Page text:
We presented a question posed by many of the commentaries: why do we find an additional interpretation in the Talmud about the contrast between Reuben and Esau – both firstborns - for the reason why Leah called her son Reuben, when the biblical text has its own reason: the very fact that she gave birth to a son. We posed the same question on the published edition of Rashi that brings this Talmudic interpretation. We demonstrated that this interpretation is not in fact in the majority of the manuscripts and also not in the early printed edition of the Bomberg Chumash. We argued that the reason for the differences in the manuscripts and published editions is due to two perspectives from the 16th century onwards how to understand the reason for there being this additional interpretation found in the Talmud in the first place. Following the view of in the 17th century that the additional interpretation is to present an alternative interpretation to the reason given in the biblical text, due to an inadequacy, it would be understood the hesitancy to include the additional interpretation in the commentary of Rashi, when the biblical text is in fact giving its own interpretation. With the articulation of the views of the various commentaries on the Talmud and Rashi from the 18th century – though may have been understood in this light much earlier also - that views the additional interpretation from the Talmud (and Pirkei deRabbi Eliezer) is necessary and complimentary to understand the biblical text, it is a reasonable addition to the Rashi commentary, if a scholar scribe had the view to do so, as indicated in some of the manuscripts.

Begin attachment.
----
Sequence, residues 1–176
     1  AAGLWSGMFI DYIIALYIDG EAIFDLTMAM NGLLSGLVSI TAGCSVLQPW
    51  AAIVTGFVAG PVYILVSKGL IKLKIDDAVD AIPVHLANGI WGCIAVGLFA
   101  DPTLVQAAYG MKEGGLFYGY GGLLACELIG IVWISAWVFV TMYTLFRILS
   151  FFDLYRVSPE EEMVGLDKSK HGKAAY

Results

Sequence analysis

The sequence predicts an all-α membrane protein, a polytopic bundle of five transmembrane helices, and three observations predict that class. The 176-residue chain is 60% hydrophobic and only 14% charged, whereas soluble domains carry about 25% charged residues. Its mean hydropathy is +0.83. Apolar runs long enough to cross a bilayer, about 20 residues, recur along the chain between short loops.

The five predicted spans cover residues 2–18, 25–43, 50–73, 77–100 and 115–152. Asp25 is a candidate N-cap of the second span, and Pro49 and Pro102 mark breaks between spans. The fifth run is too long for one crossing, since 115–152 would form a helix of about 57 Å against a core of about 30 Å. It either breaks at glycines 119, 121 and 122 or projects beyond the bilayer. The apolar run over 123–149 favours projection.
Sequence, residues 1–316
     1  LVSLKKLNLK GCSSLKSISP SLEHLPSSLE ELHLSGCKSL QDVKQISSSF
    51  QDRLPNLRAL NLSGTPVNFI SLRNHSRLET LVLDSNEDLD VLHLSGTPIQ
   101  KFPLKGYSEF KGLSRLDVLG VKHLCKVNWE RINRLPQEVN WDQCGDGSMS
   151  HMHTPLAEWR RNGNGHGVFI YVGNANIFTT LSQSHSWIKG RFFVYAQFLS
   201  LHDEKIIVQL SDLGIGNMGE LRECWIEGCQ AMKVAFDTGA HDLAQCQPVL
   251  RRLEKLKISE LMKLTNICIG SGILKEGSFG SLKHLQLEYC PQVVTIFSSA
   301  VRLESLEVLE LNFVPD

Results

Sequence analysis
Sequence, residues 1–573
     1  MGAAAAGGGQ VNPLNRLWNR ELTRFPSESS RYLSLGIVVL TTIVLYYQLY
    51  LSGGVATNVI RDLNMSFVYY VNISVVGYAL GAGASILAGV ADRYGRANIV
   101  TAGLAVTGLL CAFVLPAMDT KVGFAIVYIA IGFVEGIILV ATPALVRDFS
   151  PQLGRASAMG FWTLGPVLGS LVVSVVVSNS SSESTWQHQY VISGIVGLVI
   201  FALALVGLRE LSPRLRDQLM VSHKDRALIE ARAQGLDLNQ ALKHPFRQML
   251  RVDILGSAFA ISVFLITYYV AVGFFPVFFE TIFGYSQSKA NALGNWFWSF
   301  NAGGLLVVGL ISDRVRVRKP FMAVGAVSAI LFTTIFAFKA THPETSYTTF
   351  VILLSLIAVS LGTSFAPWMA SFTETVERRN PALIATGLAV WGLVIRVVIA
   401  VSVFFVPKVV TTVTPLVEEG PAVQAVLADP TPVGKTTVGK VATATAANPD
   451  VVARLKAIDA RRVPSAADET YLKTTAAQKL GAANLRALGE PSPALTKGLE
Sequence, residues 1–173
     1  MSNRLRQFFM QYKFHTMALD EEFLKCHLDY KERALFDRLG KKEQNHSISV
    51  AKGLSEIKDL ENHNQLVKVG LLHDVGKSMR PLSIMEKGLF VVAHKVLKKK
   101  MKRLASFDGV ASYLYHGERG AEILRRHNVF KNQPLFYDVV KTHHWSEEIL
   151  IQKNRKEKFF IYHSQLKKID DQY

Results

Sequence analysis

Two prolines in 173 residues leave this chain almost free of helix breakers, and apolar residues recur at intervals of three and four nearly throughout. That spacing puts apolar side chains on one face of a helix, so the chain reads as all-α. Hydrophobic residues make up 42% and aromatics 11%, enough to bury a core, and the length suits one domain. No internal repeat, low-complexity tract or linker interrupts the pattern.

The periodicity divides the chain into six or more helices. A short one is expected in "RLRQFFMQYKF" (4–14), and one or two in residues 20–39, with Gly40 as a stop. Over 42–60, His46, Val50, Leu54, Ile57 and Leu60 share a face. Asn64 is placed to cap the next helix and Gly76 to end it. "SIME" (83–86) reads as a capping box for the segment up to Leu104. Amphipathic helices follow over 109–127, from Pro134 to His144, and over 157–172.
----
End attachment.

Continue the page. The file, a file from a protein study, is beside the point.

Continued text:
[1] Genesis 29:31:32.

[2] Talmud Berachot 7b.

[3] Genesis 25:33.

[4] Genesis 27:41.

[5] Genesis 27:36.

[6] I Chronicles 5:1.

[7] Genesis 37:21.

[8] Rashi on Genesis 29:32.

[9] Rashi on the Talmud Berachot 7b.

[10] Likkutei Sichot 10:92.

[11] https://alhatorah.org/Commentators:Rashi_Leipzig_1/Bereshit_29?useskin=vector.

[12] Fol. 18.

[13] Fol. 18. https://digital.bodleian.ox.ac.uk/objects/49dd5e64-bf96-4a4b-812d-565907e12218/surfaces/bcac58ab-a8aa-49d4-9389-e9bf3d56b69b/.

[14] Fol. 27. https://digital.bodleian.ox.ac.uk/objects/5c3723f3-b830-42a1-b2da-bd35dc114fd8/surfaces/09269322-e212-49bf-ab62-a463a13cf9f6/.

[15] Fol. 22. https://digital.bodleian.ox.ac.uk/objects/2fcfc743-313d-4039-9e57-6b818849533a/surfaces/c9887a60-556b-4bb9-a3da-528a62090714/.

[16] Fol. 18. https://digital.bodleian.ox.ac.uk/objects/93d6929b-c498-4f3d-86b5-31d7618cf76b/surfaces/037b7711-2756-4e98-80a9-3f6e663a1280/.

[17] https://hebrewbooks.org/pdfpager.aspx?req=42687&st=&pgnum=73.

[18] Fol. 35. https://digital.bodleian.ox.ac.uk/objects/e2fd1d91-7eb0-47d1-9cc5-f2240be4b1d0/surfaces/5093dd3d-8d74-4f0f-b801-ad9b5f900a7e/.

[19] Fol. 18. https://digital.bodleian.ox.ac.uk/objects/4a83e8ab-6ca2-45c2-b24d-7a53736a5d13/surfaces/2efba883-b5e0-4eb9-80e6-ffaea50d339e/.

[20] https://hebrewbooks.org/pdfpager.aspx?req=42239&st=&pgnum=118.

[21] Pirkei deRabbi Eliezer 36:11.

[22] Likkutei Sichot 10:95-6.

[23] Pirkei deRabbi Eliezer 36:11.